Smart People [Blu-ray]
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Top Customer Reviews
His daughter, a pompous and bombastic smart person, is a brainiac headed to Stanford. Her uncle pretty much defines her as a robotic android. The uncle and adopted brother comes into the story early on. A n'e'r-do-well who enjoys muddling through life, he, too, is one of the "smart people." He uses his intelligence to become the an unintentional nudge for change for the daughter.
Then there's the son, now a student at the same college where his dad doggedly teaches. Dr. Wetherhold most likely uses the same notes prepared the first time he delivered the lecture. Words just billow from him like smoke and not living things to be savored with others--his students. He holds their essays in as much disdain. During the course of the story he positions himself to be named the head of the English department.
The pivotal point of the story is the doctor who treats Lawrence in the emergency room and grounds him from driving for six months (actually in retaliation for a C he assigned one of her essays written ten years earlier when she was his student and originally an English major.)
They go out to eat. After he delivers a 45-minute soliloquy about Victorian literature, she interrupts to tell him what a stuffed windbag he is and leaves.
All these people live in a grim reality of unrequited happiness, acceptance of the status quo, and inertia to change anything. Little by little, life intercedes. There's a miracle that changes everything.Read more ›
I think the problem with this movie is that like the characters, Lawrence Wetherhold (Dennis Quaid) and his daughter Vanessa Wetherhold (Ellen Page), it doesn't suffer fools gladly. Thus, for a large portion of the audience, it is over their heads, and they feel like it is condescending, supercilious, and they feel patronized. As Lawrence's adopted brother, Chuck Wetherhold (Thomas Haden Church) says of Vanessa: "You're a monster!"
And that is an understatement. In another scene she says to her father, "Theresa Sternbridge practically runs a soup kitchen and she's always seen posing in photos with crack babies and dying, old, crusty ladies. And do you know why? She scored in the 45th percentile on her SAT. People like you and me don't need to compensate."
Although Chuck sees that Vanessa, and her role model father, are both monsters, in spite or because of their intelligence, he still loves them and tries to help. Did I mention that Chuck is a screw up, down on his luck, and an opportunist who sees a win/win situation for himself when his brother has a seizure and cannot drive. He will have a place to stay, and 3 squares, for driving his brother around--albeit very unreliably.Read more ›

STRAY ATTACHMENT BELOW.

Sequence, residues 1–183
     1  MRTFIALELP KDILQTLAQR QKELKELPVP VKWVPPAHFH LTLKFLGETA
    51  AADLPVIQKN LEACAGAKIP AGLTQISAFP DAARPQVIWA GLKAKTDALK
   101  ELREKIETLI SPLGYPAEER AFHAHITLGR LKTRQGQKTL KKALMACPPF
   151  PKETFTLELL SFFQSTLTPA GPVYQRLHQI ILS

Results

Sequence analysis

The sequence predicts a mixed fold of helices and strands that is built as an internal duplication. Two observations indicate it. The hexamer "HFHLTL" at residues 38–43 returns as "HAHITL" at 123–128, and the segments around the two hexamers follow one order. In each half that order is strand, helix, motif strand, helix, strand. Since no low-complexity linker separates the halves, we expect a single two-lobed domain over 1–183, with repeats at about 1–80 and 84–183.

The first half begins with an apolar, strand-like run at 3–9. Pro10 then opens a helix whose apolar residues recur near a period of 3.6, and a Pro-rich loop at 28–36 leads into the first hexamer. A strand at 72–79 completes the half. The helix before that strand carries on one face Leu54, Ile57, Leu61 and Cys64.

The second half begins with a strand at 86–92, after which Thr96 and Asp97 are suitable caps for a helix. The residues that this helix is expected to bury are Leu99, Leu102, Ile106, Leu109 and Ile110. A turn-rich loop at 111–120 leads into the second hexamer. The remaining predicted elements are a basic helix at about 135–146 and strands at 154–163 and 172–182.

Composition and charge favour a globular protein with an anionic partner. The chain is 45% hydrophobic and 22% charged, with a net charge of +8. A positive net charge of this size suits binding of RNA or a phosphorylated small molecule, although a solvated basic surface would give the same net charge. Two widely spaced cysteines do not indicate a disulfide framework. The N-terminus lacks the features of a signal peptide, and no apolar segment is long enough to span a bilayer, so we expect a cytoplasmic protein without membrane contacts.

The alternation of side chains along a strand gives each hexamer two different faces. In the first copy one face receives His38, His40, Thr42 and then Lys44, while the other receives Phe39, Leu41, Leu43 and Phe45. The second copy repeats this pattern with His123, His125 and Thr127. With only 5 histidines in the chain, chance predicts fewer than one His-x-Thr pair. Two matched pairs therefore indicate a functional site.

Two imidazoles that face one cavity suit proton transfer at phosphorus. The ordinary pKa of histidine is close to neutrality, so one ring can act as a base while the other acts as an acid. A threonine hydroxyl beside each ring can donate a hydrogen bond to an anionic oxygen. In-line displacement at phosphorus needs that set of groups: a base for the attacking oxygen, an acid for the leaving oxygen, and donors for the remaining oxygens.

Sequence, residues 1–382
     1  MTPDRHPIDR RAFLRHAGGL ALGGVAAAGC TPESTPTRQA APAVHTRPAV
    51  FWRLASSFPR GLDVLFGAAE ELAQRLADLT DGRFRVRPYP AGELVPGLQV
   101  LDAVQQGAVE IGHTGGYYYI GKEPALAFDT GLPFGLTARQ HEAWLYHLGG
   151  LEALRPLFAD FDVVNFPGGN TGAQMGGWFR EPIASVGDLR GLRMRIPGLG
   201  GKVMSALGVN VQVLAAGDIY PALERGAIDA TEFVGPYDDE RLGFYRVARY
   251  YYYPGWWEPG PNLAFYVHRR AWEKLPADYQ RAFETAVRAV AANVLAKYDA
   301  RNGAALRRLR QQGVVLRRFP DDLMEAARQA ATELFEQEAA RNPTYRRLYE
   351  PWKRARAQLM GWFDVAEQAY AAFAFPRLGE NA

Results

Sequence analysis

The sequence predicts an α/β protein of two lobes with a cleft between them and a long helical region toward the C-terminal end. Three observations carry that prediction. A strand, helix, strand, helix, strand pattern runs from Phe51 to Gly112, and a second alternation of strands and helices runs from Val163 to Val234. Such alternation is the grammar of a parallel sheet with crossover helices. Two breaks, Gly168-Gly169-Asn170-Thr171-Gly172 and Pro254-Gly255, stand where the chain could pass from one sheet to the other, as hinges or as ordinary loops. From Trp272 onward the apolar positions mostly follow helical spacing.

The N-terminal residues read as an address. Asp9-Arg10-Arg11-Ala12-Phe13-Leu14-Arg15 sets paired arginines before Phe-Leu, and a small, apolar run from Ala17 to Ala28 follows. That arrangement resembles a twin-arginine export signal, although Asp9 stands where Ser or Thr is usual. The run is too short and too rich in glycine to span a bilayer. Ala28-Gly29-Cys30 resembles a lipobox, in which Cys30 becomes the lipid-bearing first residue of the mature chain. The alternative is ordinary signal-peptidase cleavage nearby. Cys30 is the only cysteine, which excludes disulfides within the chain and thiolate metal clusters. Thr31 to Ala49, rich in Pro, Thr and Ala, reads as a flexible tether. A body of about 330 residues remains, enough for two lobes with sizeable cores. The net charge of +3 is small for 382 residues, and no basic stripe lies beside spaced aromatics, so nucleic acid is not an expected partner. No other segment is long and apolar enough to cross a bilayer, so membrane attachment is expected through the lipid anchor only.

Apparently there is a new formula in small-budget, independent comedies. What do you add to a pretentious lead character to create comedy? Thomas Hayden Church. It worked in Sideways, and it worked again here. He is the down-on-his-luck brother who weasles his way in to free room and board. While staying with his brother and niece he shakes them out of old habits and tries to implore them to take control and live their lives free from societal pressures to be something they do not want to be. Sounds heavy, but it wasn't that bad.
This was Ellen Page's big follow-up to Juno. I don't think this was what people were hoping for. As the professor's daughter she brought all of the attitude of Juno with none of the charm.
Dennis Quaid is our nutty professor, our single father. I like Mr. Quaid. I think that his often-exasperated mannerisms are enjoyable, almost Jack Nicholson-esque at times. I find comfort in his schtick, I guess. He was sometimes frustrating, but otherwise good yet again.
Smart People could have been called "Boring People and the Brother," but that is probably less marketable. This is an okay movie with a good cast. And the overall feel of the movie was saved by Thomas Hayden Church. I don't want to give him a reputation he cannot live up to, but the small resurgence in his career has been worthwhile for me.
Most Recent Customer Reviews
Funny, but not a movie for the average Joe. I don't think most people would get it.Published 4 months ago by Sara A. Rice
Very smart movie with characters drawn in detail, great dialogue, and an ironic sense. Ellen Page has great timing and is pretty darn cute.Published 7 months ago by Stephen Lange
Shows Quaid's acting ability, really good story. I can't quite empathize with Quaid's character since I enjoy teaching, but I can see his frustration and feel it. Read morePublished 11 months ago by Obiwanky
Great ensemble cast Denis Quaid should play more frumpy professor types that are self absorbed. It is a quirky love story. Would be nice to see a sequel.Published 14 months ago by Alice Cahalan
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